Being both an avid outdoors enthusiast and an intrepid traveler, there is much in outdoor apparel and gear technology that crosses over to meeting the demands of the traveling lot. Both require gear and apparel with the least amount of weight and the most efficiency in various climates.
I just returned from a trip to Southeast Asia, and here are my best picks in outdoor gear for globetrotting comfortably in that part of the world.
1. A Good Backpack, at Least 35L
Used as a carry-on or even to carry everything for a two-week trip, a sturdy backpack not only facilitates a fast, hands-free way to get around airports, but it is also built to carry big amounts of stuff in the most efficient way possible. Especially when fit for your build, backpacks use hip and chest straps to distribute weight evenly so you don't end up with sore shoulders or a sore back as you're on the go. Also, outdoor packs are meant to withstand elements and rough conditions, so they can take a pretty good beating.
2. Sturdy Sandals
When it feels like summer most of the year, closed shoes might take the backseat to sandals. Flip-flops are great for lazy strolls on the beach, but sturdy sandals are better, especially when you have miles of exploring on foot and on various unpaved terrain or potential bursts of rain. I especially love Chaco sandals. After this trip, they have proven to be my go-to all-around travel sandal, be it for transit or for island hopping, and even for quick short hikes. They have surprisingly great arch support and sole grip that I am never going back to flip-flops again. Other great sport sandal brands include Teva and Keen.
3. Long Sleeve Hiking Shirts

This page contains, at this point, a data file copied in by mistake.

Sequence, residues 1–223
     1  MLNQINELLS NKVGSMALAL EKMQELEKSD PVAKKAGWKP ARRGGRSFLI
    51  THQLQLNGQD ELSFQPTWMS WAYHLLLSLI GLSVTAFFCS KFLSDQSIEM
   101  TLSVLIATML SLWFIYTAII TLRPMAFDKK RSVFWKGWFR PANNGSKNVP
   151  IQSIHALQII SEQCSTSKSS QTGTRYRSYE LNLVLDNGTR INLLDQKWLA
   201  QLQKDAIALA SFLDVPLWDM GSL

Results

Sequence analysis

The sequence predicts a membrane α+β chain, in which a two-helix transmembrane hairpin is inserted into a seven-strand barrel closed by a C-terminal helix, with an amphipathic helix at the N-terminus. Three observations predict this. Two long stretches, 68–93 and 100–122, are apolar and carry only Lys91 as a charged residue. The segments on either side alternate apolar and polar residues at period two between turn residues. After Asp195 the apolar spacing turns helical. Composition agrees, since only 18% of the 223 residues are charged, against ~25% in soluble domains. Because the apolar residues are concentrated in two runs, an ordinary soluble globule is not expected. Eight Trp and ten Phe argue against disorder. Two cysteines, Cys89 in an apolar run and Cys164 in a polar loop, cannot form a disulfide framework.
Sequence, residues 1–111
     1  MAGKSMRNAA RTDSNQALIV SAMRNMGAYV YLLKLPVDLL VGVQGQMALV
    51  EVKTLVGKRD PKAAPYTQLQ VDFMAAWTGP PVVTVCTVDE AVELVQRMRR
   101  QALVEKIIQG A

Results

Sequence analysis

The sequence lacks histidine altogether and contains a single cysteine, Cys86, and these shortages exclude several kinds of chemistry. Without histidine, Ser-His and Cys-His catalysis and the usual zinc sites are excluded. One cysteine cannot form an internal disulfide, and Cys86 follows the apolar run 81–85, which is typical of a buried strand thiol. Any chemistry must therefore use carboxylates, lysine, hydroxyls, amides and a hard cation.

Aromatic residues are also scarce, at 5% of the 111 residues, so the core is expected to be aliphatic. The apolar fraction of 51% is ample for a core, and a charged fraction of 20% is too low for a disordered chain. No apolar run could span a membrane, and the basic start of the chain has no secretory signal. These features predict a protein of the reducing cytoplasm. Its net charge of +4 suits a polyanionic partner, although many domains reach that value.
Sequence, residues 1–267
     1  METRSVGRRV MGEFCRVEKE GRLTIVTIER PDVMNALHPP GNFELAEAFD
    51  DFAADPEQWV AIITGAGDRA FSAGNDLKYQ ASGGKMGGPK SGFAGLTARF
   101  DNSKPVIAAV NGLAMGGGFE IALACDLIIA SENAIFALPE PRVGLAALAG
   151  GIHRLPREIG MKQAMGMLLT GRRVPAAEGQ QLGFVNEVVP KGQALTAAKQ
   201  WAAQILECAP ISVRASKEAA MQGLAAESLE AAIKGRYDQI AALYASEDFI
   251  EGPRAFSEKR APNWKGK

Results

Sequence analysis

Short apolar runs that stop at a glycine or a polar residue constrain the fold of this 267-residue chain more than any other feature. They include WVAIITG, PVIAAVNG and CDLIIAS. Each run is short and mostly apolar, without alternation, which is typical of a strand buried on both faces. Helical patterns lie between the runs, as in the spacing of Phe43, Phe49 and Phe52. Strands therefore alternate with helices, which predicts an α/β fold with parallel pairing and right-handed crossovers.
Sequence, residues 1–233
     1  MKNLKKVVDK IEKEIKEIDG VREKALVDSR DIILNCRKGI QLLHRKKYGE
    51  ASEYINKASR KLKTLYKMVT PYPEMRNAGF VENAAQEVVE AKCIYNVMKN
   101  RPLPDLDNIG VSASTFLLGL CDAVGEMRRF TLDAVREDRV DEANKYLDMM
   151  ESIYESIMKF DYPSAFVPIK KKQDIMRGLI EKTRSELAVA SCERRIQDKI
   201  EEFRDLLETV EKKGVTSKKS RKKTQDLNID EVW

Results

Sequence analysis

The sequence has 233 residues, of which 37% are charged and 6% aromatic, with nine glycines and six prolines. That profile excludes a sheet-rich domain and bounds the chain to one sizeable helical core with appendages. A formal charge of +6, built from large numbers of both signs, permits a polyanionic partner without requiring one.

When I showed up in a rain forest island in a long-sleeve hiking shirt, I got a lot of confused looks. Why would one wear long sleeves in the tropics? Hiking shirts are lightweight, breathable, quick-drying, and wrinkle-free, that's why. They also provide protection from mosquitoes and bugs who have made it their life goal to chomp away at you.
4. Hiking Pants
It might be counter-intuitive to wear anything but shorts in the heat and humidity of Southeast Asia, but pants that are built for the outdoors or for hiking are actually perfect for such conditions since they are lightweight, breathable, and quick drying. Some even provide UPF protection. Hiking pants that can convert into capris or shorts are also a good option. Ditch the jeans -- they are uncomfortable and heavy in the humidity!
5. Hydration Bottle
To be conscientious of the environment, pack your own water bottle. Yes, bottled water can easily be purchased for cheap in Asia, but all that plastic waste is not the best thing for a sustainable environment. Make sure that when you refill your bottle, though, you fill it with filtered potable water (or pack a water treatment system). Taps in some parts of Southeast Asia are not safe for drinking.
6. First Aid Kit
Outdoor enthusiasts know to pack a small first aid kit each time they venture out, and I tend to do the same when I travel. I like first aid kits built for the outdoors because they were meant to be carried in a pack, and therefore, built to be light and should contain just enough critical items to see you through an emergency. I also like packing a travel-size no-sting wound cleanser (like a Neosporin Neo To Go) which is not easily available overseas (although you will always find antiseptics at the pharmacies there, so don't worry about it if you forget to pack one).
7. Dry Sack
If beaches and islands of the Philippines, Thailand, Vietnam, and the like are in your itinerary, I would highly recommend bringing a dry sack. Boats in Asia for island hopping are usually small, and there is a high probability that your stuff will get wet while on board. Secure your vulnerable items like phones and cameras in a dry bag. You wouldn't want to lose all those digital memories would you?
8. Bug Spray
Bugs and mosquitoes are not only annoying, but they are also carriers of diseases. They thrive in warm and wet climates like those in Southeast Asia, so unfortunately, there could be instances where you would feel outnumbered. Bug spray or insect repellent clothing is pretty familiar ammo to hikers and campers. It is your preference if you want to use one with DEET or one without. I personally use a mosquito repellent with mostly natural ingredients (citronella oil being the main ingredient) and it works great. If, however, you have more planned that might have more exposure to more than just mosquitoes, DEET might be a better option for you.
*All photos courtesy Trish Sebastian.
Have you traveled to Southeast Asia? What would you add to the list?